Milky Way Houses 8,292 Recently Discovered Stellar Streams

The nation press services
2021-01-19 | Since 1 Month

A research team from the Northwestern University discovered that a stellar stream in the Milky Way galaxy- to which belongs our planet- houses a large cluster of stars that were born at the same time and travel in the same direction.

While researchers have long known that stars form in groups, most known clusters are spherical in shape. Only recently have astrophysicists started to find new patterns in the sky. They believe long strings of stars were once tight clusters, gradually ripped apart and stretched by tidal forces.

The Milky Way houses 8,292 recently discovered stellar streams—all named Theia. But Theia 456 is special.

The team from the Northwestern University announced the new findings in a study presented during the latest meeting of the American Astronomical Society on January 15.

During the study, the team found that all the stars of Theia 456, estimated at around 500, were born at the same time and travel in the same direction across the sky.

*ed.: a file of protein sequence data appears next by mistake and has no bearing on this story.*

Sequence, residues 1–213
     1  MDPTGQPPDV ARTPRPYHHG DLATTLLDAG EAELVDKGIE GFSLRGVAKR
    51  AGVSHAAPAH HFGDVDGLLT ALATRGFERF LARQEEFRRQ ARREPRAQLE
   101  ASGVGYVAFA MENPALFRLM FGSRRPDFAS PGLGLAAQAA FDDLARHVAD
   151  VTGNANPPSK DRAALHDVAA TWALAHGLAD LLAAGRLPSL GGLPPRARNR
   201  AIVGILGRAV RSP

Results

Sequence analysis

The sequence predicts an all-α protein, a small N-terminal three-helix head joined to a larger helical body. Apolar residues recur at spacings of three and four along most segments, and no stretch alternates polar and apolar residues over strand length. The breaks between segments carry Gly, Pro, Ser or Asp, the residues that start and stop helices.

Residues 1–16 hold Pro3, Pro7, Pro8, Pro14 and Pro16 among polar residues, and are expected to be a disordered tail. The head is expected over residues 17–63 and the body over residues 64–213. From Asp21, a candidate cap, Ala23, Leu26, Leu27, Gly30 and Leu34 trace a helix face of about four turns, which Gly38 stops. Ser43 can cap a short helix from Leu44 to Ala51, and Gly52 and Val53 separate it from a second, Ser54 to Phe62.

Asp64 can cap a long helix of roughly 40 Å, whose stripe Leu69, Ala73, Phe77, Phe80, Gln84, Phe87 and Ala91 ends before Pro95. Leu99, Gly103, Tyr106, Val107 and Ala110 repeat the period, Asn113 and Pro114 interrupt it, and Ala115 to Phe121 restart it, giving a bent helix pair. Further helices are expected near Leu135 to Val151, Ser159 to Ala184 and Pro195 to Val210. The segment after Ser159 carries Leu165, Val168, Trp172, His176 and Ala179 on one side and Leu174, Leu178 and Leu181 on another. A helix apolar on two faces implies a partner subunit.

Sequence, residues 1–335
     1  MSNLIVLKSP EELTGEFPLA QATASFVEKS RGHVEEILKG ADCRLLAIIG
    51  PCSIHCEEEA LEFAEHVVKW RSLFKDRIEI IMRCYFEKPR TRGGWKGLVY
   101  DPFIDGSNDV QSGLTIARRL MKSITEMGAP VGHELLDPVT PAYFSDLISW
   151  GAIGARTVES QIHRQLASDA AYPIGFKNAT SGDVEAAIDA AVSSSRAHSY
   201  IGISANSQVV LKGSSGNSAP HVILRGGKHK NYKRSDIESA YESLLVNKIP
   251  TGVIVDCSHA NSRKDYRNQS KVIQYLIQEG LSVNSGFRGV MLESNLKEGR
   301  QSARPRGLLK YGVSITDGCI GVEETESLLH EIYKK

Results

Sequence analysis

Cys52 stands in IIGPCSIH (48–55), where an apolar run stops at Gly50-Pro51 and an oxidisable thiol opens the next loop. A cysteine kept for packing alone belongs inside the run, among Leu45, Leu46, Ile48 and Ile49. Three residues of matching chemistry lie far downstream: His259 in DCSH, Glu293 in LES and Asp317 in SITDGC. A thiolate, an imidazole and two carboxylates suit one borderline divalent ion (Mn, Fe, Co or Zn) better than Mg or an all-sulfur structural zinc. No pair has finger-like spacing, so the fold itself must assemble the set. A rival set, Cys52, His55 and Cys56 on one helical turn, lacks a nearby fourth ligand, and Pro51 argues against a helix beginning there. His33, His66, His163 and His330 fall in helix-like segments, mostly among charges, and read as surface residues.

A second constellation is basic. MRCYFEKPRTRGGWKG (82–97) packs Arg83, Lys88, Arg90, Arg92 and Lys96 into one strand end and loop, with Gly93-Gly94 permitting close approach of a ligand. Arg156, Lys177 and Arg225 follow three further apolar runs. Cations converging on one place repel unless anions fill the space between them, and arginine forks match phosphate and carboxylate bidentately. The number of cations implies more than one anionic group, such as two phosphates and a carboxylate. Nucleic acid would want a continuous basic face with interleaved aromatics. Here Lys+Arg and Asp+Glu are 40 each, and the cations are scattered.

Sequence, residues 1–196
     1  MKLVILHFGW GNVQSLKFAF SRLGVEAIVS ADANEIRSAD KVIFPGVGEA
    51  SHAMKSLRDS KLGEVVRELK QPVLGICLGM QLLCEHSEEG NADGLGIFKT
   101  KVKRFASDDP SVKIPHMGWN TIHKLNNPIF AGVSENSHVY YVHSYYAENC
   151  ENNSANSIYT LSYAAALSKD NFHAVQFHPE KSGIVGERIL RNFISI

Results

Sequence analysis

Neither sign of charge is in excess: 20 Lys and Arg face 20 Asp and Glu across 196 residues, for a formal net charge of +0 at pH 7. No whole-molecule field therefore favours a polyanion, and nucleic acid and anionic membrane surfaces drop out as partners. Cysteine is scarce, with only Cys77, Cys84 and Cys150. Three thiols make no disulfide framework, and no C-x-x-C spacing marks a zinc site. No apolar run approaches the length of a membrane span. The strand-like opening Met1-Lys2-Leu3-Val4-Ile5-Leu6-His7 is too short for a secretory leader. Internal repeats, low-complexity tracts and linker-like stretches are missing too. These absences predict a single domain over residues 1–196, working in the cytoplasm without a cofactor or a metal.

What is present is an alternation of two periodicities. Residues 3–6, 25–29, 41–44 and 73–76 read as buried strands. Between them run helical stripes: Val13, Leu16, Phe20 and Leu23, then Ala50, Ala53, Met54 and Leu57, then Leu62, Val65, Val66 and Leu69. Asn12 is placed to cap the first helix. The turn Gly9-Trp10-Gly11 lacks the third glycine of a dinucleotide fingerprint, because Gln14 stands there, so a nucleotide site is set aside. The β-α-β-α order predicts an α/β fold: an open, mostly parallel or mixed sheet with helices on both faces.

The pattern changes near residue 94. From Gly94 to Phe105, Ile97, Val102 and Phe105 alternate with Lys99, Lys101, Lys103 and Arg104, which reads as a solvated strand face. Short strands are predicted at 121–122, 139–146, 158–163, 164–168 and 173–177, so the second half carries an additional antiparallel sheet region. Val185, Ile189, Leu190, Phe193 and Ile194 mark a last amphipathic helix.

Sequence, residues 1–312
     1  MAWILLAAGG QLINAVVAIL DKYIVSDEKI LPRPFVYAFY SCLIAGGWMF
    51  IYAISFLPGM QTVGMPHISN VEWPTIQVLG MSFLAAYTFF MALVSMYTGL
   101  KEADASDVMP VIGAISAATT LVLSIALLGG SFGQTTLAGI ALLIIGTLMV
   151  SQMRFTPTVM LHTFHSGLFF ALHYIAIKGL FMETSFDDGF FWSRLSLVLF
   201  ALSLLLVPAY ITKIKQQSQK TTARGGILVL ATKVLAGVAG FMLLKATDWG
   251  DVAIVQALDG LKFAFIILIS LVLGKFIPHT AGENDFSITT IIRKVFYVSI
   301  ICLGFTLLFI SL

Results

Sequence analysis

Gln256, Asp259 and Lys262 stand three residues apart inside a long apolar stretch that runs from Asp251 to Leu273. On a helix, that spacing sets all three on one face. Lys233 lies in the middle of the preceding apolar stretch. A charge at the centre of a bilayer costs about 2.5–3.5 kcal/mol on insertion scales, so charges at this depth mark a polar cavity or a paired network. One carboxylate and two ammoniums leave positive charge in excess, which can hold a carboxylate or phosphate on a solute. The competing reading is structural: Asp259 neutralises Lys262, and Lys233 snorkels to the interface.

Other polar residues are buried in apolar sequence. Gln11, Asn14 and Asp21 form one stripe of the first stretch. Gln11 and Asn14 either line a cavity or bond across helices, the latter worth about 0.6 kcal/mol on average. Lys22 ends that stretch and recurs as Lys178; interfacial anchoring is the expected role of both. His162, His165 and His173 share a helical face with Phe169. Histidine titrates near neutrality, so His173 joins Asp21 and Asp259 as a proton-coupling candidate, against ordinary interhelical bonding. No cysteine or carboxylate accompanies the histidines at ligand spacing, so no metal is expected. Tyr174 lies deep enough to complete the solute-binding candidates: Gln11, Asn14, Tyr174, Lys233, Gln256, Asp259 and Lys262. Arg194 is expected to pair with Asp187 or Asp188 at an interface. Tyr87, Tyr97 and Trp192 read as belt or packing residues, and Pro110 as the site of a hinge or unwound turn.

"Most stellar clusters are formed together. What's exciting about Theia 456 is that it's not a small clump of stars together: it's long and stretched out," said Jeff Andrews, a Northwestern University astrophysicist and member of the team in a report published on the university's website.

Andrews attributed the new discovery to the more advanced instrumentation, and technology that enhanced the researchers' ability to mine data.

"We've found that stars exist in more structures than clumps. They often form these streams across the sky. Although we've known about these for decades, we're starting to find hidden ones," he said.

Read More: Reconstructing the solar system's original architecture

Stretching more than 500 light-years, Theia 456 is one of those hidden streams. Because it dwells within the Milky Way's galactic plane, it's easily lost within the galaxy's backdrop of 400 billion stars.

Most stellar streams are found elsewhere in the universe—by telescopes pointed away from the Milky Way.

"Now we're starting to find these streams in the galaxy itself. It's like finding a needle in a haystack; or, in this case, finding a ripple in an ocean. Finding these streams seems a lot easier from outside the galaxy," Andrews explained.

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